Anthropometric and Physiological Differences Between First Team and Reserve Soccer Players Aged 10-14 Years at the Beginning and End of the Season


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Abstract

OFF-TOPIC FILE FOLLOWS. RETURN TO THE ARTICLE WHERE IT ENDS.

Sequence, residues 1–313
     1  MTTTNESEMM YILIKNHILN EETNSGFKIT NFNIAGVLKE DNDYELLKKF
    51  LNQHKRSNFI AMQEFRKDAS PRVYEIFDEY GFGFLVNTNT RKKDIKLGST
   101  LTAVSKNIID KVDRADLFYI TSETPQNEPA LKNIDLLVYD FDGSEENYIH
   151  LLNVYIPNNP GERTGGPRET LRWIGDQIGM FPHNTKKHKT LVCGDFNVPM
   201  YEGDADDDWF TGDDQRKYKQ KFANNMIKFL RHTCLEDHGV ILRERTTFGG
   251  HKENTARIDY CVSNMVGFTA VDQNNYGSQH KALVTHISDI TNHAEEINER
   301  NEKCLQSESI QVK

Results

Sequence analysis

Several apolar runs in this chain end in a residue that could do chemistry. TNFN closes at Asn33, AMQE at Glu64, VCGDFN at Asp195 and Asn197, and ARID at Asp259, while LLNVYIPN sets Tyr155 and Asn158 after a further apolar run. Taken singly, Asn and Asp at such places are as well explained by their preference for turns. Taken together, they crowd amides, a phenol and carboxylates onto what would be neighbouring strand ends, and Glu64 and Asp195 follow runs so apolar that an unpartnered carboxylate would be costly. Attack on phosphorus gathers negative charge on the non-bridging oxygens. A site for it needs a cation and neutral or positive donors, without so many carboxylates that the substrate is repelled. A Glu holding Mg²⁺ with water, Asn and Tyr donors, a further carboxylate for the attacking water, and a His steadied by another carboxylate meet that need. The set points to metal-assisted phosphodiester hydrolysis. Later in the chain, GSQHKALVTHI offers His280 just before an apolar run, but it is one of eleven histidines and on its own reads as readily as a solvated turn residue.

Gravina, L, Gil, SM, Ruiz, F, Zubero, J, Gil, J, and Irazusta, J. Anthropometric and physiological differences between first team and reserve soccer players aged 10-14 years at the beginning and end of the season. J Strength Cond Res 22: 1308-1314, 2008-The aim of this article was to identify differences in the anthropometric and physiological characteristics of first team and reserve young soccer players (10-14 years old) at both the beginning and end of the soccer season. Body composition was calculated by measuring weight, height, skinfold, limb circumference, and joint diameter. o2max was estimated by Astrand's test. Sprint and jump tests were also performed. In general, first team players (FTPs) were taller and leaner. However, the most relevant difference that we found at the beginning of the season was that FTPs had shorter sprint times than reserves in the 30-m test (both flat and with 10 cones). Moreover, these differences in sprint time were more marked at the end of the season. In addition, jump test performance by the reserves declined from the beginning to the end of the season. These results indicate that sprint time is an important factor associated with selection as an FTP between the ages of 10 and 14 years. The progression of the FTPs during the course of the season is better than that of the reserves and is associated with a different degree of growth and maturity. These findings should be taken into account by trainers and coaches to avoid a bias against late maturing or younger soccer players.

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